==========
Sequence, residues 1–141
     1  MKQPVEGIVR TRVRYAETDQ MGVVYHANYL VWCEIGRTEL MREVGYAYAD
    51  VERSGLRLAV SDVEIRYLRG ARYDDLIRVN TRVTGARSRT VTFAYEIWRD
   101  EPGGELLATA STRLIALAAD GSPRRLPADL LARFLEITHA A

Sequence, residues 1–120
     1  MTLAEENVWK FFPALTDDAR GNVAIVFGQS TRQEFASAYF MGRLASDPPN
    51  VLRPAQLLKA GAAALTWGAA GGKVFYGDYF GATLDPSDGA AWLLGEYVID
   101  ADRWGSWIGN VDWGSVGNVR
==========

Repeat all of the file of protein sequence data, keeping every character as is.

Sequence, residues 1–141
     1  MKQPVEGIVR TRVRYAETDQ MGVVYHANYL VWCEIGRTEL MREVGYAYAD
    51  VERSGLRLAV SDVEIRYLRG ARYDDLIRVN TRVTGARSRT VTFAYEIWRD
   101  EPGGELLATA STRLIALAAD GSPRRLPADL LARFLEITHA A

Sequence, residues 1–120
     1  MTLAEENVWK FFPALTDDAR GNVAIVFGQS TRQEFASAYF MGRLASDPPN
    51  VLRPAQLLKA GAAALTWGAA GGKVFYGDYF GATLDPSDGA AWLLGEYVID
   101  ADRWGSWIGN VDWGSVGNVR